Knowledge Cafe (a.k.a. Gurteen Knowledge Cafe) is a meeting of around 32 people that enables rich and rewarding conversation on a topic of mutual interest. Knowledge Cafe participants immerse themselves in the topic, share knowledge, hatch ideas, gain insights, acquire new perspectives, strengthen relationships, and form new connections.
David Gurteen
The originator of the Knowledge Cafe format is David Gurteen (pictured), an influential practitioner in the areas of knowledge management and conversational leadership. Over the course of 15 years, he has facilitated Knowledge Cafes in more than 30 countries.

The Knowledge Cafe format

Principles

Studies conducted by David Gurteen and others reveal that the maximum group size for a productive conversation is four, or five at a push. I call this the max 4 principle. Read more here.

No flipcharts. Individual note taking is OK but flipchart capture and subsequent report-outs hinder effective conversation.

The opening session should be no longer than 20 minutes.

Facilitation during the final session requires a light touch.

The host does not invite or answer questions.

Room layout

Opening session: Participants are seated theatre-style. Cafe host speaks from front of room with visual aids if required.

Second session (formed of two or three rounds): Chairs are rearranged into groups of four. Host sits to one side and does not intervene.

Final session: Chairs are rearranged into a single circle. Host stands in the centre of the circle.

Process

Visit David Gurteen's dedicated Knowledge Cafe website
  1. Cafe host welcomes participants, explains the process, introduces the topic and gives a brief talk followed by a compelling question.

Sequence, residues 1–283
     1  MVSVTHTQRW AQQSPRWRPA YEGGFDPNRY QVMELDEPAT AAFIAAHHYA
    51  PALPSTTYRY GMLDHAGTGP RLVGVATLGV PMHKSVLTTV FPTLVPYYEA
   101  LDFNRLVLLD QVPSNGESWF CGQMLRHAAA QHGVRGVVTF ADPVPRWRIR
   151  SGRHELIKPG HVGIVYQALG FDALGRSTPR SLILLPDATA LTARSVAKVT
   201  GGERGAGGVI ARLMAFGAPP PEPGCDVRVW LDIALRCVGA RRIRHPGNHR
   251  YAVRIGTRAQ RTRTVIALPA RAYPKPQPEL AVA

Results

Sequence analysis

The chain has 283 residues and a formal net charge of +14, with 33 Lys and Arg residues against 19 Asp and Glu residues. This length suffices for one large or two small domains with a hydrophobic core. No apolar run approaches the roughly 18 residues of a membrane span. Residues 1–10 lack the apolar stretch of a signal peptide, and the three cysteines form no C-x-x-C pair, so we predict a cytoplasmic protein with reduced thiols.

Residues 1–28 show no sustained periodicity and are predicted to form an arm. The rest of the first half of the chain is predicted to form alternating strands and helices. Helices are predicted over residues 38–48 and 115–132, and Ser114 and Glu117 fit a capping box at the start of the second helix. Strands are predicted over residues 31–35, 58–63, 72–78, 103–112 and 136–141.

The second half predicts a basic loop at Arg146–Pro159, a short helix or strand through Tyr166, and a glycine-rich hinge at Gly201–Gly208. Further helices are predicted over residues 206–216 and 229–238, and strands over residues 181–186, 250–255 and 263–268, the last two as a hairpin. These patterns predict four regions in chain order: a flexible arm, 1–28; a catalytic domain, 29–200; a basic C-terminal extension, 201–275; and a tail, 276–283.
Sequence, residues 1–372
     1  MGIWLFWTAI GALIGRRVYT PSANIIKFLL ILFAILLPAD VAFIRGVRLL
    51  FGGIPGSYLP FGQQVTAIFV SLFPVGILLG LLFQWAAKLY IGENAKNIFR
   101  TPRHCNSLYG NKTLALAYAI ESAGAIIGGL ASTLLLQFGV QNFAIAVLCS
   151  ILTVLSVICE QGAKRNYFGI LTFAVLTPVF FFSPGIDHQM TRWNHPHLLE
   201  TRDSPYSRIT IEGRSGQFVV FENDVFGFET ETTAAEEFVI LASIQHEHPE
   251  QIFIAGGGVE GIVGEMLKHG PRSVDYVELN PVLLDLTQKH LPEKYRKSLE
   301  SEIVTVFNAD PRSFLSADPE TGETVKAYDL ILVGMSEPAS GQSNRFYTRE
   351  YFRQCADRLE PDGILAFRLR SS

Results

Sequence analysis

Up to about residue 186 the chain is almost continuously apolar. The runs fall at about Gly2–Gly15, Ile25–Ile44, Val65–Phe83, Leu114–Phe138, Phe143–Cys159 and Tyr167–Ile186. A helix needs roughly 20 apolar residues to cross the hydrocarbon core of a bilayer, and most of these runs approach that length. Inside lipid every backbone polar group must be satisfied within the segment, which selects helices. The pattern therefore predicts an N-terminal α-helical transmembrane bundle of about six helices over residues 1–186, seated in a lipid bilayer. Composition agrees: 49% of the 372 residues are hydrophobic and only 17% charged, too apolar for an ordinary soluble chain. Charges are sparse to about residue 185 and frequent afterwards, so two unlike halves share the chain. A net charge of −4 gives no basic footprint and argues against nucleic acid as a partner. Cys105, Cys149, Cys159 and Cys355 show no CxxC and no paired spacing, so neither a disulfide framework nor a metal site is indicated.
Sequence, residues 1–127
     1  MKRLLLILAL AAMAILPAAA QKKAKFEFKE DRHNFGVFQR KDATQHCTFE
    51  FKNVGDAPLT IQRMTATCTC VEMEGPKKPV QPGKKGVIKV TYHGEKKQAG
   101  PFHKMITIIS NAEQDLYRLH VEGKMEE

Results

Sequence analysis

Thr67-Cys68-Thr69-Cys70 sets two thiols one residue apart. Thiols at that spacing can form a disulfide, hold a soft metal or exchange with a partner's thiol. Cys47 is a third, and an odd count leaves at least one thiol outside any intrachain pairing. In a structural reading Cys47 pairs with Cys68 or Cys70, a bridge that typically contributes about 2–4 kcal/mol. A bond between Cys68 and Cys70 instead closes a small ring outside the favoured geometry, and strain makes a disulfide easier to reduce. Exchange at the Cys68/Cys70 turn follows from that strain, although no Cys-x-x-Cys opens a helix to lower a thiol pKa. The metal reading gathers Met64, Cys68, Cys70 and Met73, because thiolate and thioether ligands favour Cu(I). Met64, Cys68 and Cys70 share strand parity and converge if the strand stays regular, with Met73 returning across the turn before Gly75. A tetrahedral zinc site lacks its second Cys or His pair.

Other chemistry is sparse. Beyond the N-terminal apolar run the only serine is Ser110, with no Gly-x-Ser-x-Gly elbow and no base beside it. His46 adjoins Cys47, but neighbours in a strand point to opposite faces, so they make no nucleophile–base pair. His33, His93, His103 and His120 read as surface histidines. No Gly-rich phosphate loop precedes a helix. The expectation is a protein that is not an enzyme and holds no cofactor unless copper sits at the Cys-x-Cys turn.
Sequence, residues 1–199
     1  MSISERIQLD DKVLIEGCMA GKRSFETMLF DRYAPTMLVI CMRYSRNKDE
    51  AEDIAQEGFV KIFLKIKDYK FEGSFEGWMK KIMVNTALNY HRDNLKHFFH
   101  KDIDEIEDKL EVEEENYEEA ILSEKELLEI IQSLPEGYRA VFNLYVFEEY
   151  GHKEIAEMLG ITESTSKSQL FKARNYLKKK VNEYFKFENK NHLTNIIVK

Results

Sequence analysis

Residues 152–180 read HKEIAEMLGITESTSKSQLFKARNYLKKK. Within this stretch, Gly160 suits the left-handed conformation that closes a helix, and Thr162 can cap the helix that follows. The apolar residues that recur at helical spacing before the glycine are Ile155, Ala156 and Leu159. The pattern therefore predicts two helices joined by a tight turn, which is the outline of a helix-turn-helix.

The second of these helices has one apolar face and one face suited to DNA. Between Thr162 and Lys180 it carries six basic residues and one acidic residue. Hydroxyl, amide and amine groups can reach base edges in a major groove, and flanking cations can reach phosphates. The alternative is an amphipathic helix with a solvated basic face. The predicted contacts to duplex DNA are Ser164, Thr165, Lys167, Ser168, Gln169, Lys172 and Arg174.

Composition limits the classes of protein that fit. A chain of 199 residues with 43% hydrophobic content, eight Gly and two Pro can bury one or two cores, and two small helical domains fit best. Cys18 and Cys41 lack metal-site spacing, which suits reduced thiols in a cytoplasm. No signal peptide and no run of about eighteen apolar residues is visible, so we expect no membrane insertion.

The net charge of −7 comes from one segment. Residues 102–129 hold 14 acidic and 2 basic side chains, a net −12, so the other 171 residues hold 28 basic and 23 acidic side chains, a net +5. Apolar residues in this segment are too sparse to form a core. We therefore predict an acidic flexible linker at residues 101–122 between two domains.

2. Participants break into groups of four and have a conversation in response to the question.
  3. New groups of four are formed and the conversations continue.
  4. If time permits, new groups of four are formed and the conversations continue.
  5. Chairs are rearranged to form a circle. Participants take their seats and conversations continue. Host ensures that all voices are heard and that no one dominates the discussion.
  6. Host thanks participants for their contributions and closes the proceedings.

Watch David Gurteen host a Knowledge Cafe in Dubai on behalf of the Knowledge and Human Development Authority

Runtime 3:53.


Whenever you are planning to give a PowerPoint presentation followed by a Q&A session, consider hosting a Knowledge Cafe instead. You will need more time but participants will have a richer and more rewarding experience.

Further reading

Knowledge Cafe website

Knowledge Cafe tipsheet, by David Gurteen and Steve O’Hagan

Knowledge Cafe articles by David Gurteen

Knowledge Cafe stories collected by David Gurteen

The max4 principle: four people maximum for a productive conversation